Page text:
Tuesday, April 29, 2014

The Six Best Podcasts for FICTION Writers

by James L. Rubart

There are a vast number of podcasts for writers—what I've tried to do is narrow it down to podcasts designed specifically for scribes of fiction.

Two disclaimers before we dive in: First, I don’t know if these are the best—just one man’s opinion, and second, the third offering down is mine, and unfortunately I’m completely biased about it being on this list.

Writing Excuses

How can you not love a podcast where their tag line is, “… fifteen minutes long because you’re in a hurry and we’re not that smart.” They are that smart. Even though they talk a lot about speculative type stories, the advice they dole out applies to all fiction.
Website  iTunes 
Helping Writers Become Authors 

For the aspiring writer as well as the vet, K.M. Weiland’s podcast offers excellent teaching. It focuses on a variety of common challenges we all face, regardless of genre.  Named one of Writer's Digest's 101 Best Websites for Writers.
Website  iTunes

Novel Marketing

Many of you know my day job is running a marketing company for authors and businesses, so I suppose it was natural to start a marketing podcast. The difference is this podcast is focused exclusively on fiction writers and we cover everything from pitching to social media to interviews with a variety of experts. I do this podcast with Thomas Umstattd, the owner of Author Media and one of the brightest men I know. Length: 10 – 20 minutes. Website  iTunes 

The Dead Robots' Society

The title alone makes it worth checking out! While the Writing Excuses podcasts are short, The Dead Robot’s Society’s are loooong. Usually more than an hour, but hey, take it on a run and promise yourself you’ll keep working out till the episode is over. TDRS covers a variety of topics relating to fiction.

Website  iTunes

The Secrets

Warning: If you like this podcast, you’re out of luck long term as it’s been moth balled (and some of the info is slightly outdated). But it’s still a great resource, especially if you’re new to listening to podcasts. Episodes are short and to the point. The Secrets tackles everything from character development and editing to the publishing world in general and a career as a writer.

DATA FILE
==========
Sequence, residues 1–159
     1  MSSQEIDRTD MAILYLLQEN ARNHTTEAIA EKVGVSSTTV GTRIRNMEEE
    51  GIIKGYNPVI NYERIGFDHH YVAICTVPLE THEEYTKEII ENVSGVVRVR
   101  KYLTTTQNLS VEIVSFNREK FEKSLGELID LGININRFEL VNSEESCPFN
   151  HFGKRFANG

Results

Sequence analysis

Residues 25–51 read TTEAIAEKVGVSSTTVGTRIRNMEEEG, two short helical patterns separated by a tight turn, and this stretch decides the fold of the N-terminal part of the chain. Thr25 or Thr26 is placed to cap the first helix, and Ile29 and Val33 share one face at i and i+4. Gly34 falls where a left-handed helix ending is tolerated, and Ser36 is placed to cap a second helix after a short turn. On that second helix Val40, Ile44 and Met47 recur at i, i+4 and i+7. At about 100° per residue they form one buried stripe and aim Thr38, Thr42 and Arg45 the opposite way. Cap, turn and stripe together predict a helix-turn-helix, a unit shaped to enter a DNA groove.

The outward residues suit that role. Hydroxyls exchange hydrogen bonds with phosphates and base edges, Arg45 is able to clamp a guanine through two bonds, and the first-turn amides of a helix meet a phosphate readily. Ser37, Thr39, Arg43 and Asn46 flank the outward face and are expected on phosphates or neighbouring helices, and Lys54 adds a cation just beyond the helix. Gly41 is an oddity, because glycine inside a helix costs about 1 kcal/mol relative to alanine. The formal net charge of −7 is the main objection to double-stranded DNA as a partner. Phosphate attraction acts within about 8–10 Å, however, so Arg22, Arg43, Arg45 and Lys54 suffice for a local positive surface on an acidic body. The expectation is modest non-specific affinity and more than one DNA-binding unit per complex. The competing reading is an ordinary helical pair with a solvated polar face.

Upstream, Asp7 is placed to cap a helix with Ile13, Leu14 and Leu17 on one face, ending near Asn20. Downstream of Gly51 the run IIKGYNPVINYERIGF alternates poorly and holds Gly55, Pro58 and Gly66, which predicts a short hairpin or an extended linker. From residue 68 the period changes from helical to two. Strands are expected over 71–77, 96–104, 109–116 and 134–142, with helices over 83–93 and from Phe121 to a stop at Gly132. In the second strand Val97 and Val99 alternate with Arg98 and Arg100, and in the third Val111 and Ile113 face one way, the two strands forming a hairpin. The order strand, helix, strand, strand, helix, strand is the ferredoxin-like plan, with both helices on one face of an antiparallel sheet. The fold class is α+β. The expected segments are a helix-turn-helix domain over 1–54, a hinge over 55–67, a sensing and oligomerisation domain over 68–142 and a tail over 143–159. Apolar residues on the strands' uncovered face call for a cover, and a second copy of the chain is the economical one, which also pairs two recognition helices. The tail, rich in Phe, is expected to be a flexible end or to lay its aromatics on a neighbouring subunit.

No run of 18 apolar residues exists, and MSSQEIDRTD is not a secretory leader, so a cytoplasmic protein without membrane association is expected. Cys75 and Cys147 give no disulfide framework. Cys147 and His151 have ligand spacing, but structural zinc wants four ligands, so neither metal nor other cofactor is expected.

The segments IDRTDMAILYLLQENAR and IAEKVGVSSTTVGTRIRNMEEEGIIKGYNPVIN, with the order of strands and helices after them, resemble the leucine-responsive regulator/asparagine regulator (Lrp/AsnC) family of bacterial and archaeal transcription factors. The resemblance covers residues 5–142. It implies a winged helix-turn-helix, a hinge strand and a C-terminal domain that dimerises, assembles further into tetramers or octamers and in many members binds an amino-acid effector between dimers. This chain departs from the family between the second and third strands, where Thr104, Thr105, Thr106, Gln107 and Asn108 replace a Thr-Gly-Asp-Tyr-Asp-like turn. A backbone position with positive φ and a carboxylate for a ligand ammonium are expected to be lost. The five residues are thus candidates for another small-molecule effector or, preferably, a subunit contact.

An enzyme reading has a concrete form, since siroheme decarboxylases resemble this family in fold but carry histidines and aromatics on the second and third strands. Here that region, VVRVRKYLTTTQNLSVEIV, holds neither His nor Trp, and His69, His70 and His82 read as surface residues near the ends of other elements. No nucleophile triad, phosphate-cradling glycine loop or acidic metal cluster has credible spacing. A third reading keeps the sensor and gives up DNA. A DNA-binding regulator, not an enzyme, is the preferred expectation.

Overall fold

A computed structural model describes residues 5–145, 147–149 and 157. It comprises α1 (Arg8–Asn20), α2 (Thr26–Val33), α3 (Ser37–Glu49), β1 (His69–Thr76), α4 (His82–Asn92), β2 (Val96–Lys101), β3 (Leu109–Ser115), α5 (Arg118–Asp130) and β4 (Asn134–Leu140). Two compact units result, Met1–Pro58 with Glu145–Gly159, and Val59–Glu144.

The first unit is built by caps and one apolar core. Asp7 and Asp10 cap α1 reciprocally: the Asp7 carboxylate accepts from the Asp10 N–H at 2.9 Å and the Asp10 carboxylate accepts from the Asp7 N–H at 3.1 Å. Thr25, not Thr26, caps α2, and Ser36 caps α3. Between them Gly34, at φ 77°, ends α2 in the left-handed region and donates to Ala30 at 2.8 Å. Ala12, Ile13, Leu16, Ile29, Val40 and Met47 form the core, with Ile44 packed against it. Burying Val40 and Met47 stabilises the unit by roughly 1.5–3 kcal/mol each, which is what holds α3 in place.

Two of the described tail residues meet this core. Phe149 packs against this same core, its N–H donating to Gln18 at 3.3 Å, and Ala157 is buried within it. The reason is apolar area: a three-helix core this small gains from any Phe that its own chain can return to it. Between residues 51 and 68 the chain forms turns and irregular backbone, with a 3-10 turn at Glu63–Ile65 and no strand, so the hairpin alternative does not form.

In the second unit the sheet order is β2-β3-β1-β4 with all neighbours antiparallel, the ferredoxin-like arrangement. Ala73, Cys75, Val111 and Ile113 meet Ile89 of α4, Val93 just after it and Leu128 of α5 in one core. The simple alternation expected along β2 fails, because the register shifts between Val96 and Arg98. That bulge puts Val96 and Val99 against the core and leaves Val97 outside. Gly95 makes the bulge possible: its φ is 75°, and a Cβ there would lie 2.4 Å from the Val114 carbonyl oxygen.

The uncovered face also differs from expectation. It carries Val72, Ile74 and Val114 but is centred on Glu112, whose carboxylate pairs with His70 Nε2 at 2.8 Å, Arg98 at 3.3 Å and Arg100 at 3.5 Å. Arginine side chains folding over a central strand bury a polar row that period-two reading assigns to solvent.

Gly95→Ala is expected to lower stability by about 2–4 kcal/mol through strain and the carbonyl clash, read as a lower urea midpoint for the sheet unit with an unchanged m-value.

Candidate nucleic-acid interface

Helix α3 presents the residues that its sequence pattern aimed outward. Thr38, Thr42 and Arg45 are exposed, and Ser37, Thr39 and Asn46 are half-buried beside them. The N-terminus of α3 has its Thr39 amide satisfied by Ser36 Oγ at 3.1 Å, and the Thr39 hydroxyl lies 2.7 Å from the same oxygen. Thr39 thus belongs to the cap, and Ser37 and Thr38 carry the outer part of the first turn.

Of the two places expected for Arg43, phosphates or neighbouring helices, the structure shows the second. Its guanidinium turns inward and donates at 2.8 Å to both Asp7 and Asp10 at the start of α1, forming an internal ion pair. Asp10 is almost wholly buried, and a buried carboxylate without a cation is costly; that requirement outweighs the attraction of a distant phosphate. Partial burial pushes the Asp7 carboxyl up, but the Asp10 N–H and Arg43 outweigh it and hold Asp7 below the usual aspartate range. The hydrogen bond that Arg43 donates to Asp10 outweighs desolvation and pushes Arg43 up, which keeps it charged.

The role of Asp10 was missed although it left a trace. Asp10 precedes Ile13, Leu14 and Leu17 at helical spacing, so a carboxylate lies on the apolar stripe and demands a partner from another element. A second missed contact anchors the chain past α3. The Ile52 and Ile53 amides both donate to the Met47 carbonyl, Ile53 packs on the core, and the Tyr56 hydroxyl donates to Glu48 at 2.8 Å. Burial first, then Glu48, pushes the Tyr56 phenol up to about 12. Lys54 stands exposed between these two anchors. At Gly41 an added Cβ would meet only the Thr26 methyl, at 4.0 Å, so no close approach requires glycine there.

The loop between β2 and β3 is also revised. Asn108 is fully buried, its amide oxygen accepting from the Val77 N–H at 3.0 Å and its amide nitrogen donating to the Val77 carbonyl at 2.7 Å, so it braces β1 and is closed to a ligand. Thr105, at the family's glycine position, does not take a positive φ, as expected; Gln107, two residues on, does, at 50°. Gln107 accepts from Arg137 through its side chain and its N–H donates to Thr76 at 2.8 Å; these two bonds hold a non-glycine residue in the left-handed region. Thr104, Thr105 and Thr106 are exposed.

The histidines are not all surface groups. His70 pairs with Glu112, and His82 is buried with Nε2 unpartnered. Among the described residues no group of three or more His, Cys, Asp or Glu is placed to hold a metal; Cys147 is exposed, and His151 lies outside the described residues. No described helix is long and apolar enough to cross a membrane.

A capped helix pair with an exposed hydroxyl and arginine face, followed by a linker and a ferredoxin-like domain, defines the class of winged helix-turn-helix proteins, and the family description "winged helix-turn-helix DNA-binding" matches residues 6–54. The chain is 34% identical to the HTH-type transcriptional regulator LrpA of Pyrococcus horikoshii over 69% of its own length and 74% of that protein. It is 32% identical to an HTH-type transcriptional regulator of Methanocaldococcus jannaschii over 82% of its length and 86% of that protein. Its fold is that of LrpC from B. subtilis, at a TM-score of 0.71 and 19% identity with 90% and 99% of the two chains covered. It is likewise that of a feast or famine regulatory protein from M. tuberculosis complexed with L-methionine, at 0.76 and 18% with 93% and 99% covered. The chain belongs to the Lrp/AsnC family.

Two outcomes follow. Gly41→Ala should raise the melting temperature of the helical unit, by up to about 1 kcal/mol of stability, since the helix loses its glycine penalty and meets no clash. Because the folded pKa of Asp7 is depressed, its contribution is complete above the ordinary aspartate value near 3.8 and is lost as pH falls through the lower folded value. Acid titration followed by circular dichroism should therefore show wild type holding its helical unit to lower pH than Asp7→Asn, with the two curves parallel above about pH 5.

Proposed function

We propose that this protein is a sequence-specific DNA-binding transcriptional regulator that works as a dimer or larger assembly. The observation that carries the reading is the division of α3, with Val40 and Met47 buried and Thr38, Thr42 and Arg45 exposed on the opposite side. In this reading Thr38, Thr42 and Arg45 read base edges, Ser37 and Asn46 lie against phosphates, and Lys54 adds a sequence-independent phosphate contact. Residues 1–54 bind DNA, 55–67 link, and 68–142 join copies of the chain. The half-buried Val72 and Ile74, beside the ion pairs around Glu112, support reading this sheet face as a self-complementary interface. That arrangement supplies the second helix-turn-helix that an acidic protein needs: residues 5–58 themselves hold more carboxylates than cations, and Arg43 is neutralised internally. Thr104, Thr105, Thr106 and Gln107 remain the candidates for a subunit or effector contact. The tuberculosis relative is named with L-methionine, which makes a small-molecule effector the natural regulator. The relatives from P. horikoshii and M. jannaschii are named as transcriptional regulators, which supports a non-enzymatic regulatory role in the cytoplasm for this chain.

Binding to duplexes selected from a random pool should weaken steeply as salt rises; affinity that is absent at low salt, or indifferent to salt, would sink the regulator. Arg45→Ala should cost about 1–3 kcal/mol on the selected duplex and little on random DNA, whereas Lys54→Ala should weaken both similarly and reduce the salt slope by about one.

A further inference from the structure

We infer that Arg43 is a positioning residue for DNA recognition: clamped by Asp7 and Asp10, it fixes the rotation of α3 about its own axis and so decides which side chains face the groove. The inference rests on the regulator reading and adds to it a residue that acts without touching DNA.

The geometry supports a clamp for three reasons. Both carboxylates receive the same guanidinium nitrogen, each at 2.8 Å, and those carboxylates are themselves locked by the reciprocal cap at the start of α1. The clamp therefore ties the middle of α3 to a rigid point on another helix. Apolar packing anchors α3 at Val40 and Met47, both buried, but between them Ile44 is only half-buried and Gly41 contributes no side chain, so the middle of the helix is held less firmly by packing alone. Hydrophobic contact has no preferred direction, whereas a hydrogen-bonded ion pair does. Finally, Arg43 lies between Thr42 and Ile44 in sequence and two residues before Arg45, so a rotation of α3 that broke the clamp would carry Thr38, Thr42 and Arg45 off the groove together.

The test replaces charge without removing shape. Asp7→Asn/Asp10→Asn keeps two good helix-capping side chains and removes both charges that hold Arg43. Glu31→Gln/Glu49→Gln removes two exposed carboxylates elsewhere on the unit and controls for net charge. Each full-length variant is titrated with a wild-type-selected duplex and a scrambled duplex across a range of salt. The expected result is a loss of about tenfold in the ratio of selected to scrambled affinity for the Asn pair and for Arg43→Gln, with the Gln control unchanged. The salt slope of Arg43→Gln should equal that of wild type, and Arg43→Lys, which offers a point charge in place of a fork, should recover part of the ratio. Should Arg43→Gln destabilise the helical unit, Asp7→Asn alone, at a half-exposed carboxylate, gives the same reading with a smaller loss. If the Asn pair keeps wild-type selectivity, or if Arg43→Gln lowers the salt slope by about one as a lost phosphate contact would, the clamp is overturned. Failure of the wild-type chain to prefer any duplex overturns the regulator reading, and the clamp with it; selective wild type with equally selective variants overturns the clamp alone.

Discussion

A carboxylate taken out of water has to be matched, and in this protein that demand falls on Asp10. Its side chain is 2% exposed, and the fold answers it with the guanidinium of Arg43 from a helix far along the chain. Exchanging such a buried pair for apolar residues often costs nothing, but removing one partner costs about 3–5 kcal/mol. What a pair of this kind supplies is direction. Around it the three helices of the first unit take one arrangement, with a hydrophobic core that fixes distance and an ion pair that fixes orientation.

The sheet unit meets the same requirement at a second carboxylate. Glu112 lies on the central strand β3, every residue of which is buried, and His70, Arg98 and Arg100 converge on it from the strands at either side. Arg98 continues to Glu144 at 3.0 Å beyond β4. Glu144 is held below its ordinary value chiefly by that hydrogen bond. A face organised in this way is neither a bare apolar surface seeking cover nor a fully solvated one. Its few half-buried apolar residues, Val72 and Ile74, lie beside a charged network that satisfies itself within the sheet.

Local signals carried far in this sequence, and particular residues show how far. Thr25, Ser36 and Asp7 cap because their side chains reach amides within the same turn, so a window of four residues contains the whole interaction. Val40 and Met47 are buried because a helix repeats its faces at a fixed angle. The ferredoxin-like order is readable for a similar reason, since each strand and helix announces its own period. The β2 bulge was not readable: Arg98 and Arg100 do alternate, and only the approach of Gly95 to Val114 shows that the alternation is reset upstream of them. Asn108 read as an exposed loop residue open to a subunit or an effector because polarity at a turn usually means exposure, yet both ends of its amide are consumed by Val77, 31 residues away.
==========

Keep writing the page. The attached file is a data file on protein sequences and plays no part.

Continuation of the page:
The Writing Show

By podcasting standards, The Writing Show is almost ancient. It started in ’05 so if you like it, lots of archived episodes to listen to. It’s packed with info for novelists, and even copywriters (which is often fiction right?)
Website  iTunes 

The Q&A with Jeff Goldsmith

Just in case your definition of fiction means writing for film or TV, this podcast might be worth looking at. Well done interviews and insight into the world of movies and the small screen. (Be forewarned, this podcast can be explicit at times.)
Website  iTunes

Okay, friends. Help me. Which fiction podcasts did I miss?

James L. Rubart is the best-selling and Christy award winning author of ROOMS, BOOK OF DAYS, THE CHAIR, SOUL’S GATE, MEMORY’S DOOR, and SPIRIT BRIDGE (May ’14). During the day he runs Barefoot Marketing which helps businesses and authors make more coin of the realm. In his free time he dirt bikes, hikes, golfs, takes photos, and occasionally does sleight of hand. No, he doesn’t sleep much. He lives with his amazing wife and two sons in the Pacific Northwest and still thinks he’s young enough to water ski like a madman. More at http://jameslrubart.com/


Ron Estrada said...

Good list, Jim. I especially like Helping Writers Become Authors. KM Weiland posts the text version along with the podcast. She explains structure clearly and is easy to listen to. She's also a Christian, though she doesn't write for the CBA. I expect her to go a long way.

Nicole said...

(And, Ron, the cover on KM Weiland's A Man Called Outlaw is one of the best EVER.)

Michael Ehret said...

When do you all have time to listen to podcasts? I am clearly missing some quirk in the space-time continuum or maybe I need to shell out the dough for Hermione Granger's Time Turner? http://tinyurl.com/lk3bymk

Jim Rubart said...

You're probably still working on a 24 day aren't you, M.E.? I strongly suggest shifting over to the 36 hour day. You'll get lots more done.

Michael Ehret said...

I am, Jim. I've thought several times about upgrading my day, but if it works similar to a $$ budget then it won't be long before I'll be maxed out again. Just wondering if it's worth the expense and the trouble to get a new day.

K.M. Weiland said...

Honored to be included, Jim! Thanks so much!

DeWayne Ruggles said...

Hey Jim, A NCWAer posted a link over on FB. I've been following the gang at Writing Excuses, and K.M. Weiland at Helping Writers Become Authors. I'll have to check out these other 4.

DeWayne Ruggles said...

Hey Katie. Jim has good taste.

Margaret McGlynn said...

I also recommend The Narrative Breakdown, available on iTunes hosted by Arthur Levine/Scholastic books editor Cheryl Klein, and screenwriter Jim Monohan.